The approach has merits and demerits that the management should take into consideration. One of the benefits of the strategy is that it empowers workers. Their motivation is driven by the new skills they gain through regular training. It also promotes innovation. Purohit and Bandyopadhyay (2014) argue that when workers are taken through regular training, they learn new skills that they can use to improve their overall performance. However, management must understand the challenges associated with the strategy. Regular training of the employees can be costly. The cost can be even higher if there is a high turnover rate of employees. Every time a competitor hires a highly trained worker, the firm not only loses the talent but also offers the competitor a better opportunity to succeed in the market. It means that the management will require ways of ensuring that such employees are retained once they have been equipped with unique skills.

Evaluating Job Satisfaction

The final step that the management of this restaurant should observe would be to come up with a system for evaluating job satisfaction. As Nowackia and Bachnik (2016) observe, there is always a need to ensure that the quality of the workforce is continuously improved. With every major step made in improving the skills of employees, the management often ensures that performance measurement accompanies it. Similarly, there should be a way of measuring the level of motivation based on the improvements made. Using Maslow’s hierarchy of needs, one can determine how to measure the level of satisfaction of the employees. Junior employees recently hired by the firm can only be motivated if their psychological and safety needs are met. All their basic needs should not be compromised. The low-ranking managers have a belongingness and love needs, as Rosenzweig and Wigfield (2016) observe. They want to feel appreciated in their respective positions.

The mid and some high-ranking managers often have esteem needs. They desire to have a sense of accomplishment. For instance, the marketing director will achieve such a need when the sales forecast is met or surpassed. Finally, there is self-actualization, which few often realize. It may be the chief executive officer who feels that he or she has realized all the dreams of climbing to the top of the ladder and steering the firm to great levels of success. Using this model, it is possible to understand specific goals by an individual employee to enhance their level of motivation. The benefit of this model is that it classifies employees and defining the needs that should be met to enhance their satisfaction. However, its main demerit is that the generalization may sometimes cloud the judgment of the evaluating team. The fact that one is a top manager does not necessarily him or her to have esteem needs.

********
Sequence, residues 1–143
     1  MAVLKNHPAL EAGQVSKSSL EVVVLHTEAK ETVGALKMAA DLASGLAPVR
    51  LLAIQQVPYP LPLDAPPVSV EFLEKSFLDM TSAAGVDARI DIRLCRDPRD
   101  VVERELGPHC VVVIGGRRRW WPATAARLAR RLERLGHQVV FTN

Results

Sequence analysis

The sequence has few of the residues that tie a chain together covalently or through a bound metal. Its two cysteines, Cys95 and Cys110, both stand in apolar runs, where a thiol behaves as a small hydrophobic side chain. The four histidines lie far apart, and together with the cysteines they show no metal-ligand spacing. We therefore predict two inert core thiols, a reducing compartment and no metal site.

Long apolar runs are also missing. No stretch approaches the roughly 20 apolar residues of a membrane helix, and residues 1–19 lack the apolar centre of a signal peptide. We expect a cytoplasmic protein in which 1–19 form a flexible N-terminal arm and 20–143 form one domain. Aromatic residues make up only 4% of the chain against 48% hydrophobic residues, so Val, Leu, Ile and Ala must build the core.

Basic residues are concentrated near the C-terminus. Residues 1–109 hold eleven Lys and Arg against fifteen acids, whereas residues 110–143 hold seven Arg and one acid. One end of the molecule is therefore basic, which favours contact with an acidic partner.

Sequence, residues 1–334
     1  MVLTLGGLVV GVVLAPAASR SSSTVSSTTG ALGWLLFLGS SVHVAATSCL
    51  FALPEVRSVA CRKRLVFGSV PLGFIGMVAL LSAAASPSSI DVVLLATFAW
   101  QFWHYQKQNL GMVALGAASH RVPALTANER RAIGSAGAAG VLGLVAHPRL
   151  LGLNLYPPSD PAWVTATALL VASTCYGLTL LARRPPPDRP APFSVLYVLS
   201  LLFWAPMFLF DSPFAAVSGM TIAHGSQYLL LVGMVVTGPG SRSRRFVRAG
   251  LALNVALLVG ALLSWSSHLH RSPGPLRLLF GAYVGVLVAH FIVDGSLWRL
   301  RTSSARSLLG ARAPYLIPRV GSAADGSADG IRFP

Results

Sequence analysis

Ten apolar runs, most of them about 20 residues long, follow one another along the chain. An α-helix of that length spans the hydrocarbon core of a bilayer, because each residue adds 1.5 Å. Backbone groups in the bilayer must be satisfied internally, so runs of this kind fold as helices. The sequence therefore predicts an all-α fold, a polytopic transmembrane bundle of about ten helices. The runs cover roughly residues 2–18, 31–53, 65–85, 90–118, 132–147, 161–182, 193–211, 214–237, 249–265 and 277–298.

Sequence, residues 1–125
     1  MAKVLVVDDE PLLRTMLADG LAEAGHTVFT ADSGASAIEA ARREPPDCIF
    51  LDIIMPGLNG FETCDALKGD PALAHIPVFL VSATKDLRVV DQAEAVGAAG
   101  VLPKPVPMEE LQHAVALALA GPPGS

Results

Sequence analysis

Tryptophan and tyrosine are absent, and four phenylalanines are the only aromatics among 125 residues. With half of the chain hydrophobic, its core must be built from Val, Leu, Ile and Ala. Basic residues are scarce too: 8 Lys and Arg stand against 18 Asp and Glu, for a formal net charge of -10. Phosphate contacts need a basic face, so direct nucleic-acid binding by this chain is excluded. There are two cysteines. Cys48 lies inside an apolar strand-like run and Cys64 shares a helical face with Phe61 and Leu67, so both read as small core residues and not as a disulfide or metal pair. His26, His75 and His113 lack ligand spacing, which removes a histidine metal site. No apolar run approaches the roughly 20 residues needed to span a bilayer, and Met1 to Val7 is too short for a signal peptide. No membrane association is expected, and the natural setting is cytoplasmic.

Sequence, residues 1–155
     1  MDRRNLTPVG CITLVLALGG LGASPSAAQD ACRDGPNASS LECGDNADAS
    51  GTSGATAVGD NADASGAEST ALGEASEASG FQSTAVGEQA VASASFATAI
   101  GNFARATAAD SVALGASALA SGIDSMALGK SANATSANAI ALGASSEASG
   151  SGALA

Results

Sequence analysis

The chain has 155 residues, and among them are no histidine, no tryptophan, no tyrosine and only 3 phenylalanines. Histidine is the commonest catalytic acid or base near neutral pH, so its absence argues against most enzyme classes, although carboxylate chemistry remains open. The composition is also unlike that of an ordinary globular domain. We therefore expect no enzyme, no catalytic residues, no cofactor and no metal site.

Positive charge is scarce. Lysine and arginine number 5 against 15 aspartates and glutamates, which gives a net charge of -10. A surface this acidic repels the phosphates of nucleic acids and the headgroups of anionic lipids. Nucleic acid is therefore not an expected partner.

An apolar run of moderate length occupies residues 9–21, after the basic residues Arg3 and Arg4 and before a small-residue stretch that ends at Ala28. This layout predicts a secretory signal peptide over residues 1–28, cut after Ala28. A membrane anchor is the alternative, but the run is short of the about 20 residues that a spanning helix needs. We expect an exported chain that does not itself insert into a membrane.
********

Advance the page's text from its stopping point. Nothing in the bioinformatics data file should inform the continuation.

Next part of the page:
Maslow’s hierarchy of needs
Fig. 2. Maslow’s hierarchy of needs (Njoroge & Yazdanifard 2014).


Having a team of highly motivated workers is crucial for the success of Suzie Sue Restaurant. When motivated, employees tend to give their best in their respective workplaces. They tend to be creative in everything that they do. As such, the management of this restaurant must ensure that workers have the right motivation. The paper has discussed five steps that can be taken by the top leadership of this firm to ensure that their subordinates are motivated. As explained in the paper, unique factors and characteristics of an organization may define the right steps to take to achieve the desired goal. Of importance is to ensure that workers feel contented appreciated and that they have the right environment to achieve personal and organizational goals.

Reference List

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Caligiuri, P 2014, ‘Many moving parts: Factors influencing the effectiveness of HRM practices designed to improve knowledge transfer within MNCs’, Journal of International Business Studies, vol. 45, no. 1, pp. 63–72.

Foreman, E 2017, ‘Utilising a scholarship program as a workforce strategy for the community-managed mental health sector’, The Journal of Mental Health Training, Education and Practice, vol. 12, no. 6, pp.360-376.

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Njoroge, C & Yazdanifard, R 2014, ‘The impact of social and emotional intelligence on employee motivation in a multigenerational workplace’, Global Journal of Management and Business, vol. 14, no. 3, pp. 1-6.

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Purohit, B & Bandyopadhyay, T 2014, ‘Beyond job security and money: Driving factors of motivation for government doctors in India’, Human Resources for Health, vol. 2, no. 12, pp. 1-13.

Rosenzweig, E & Wigfield, A 2016, ‘STEM motivation interventions for adolescents: A promising start, but further to go’, Educational Psychologist, vol. 51, no. 2, pp. 146-163.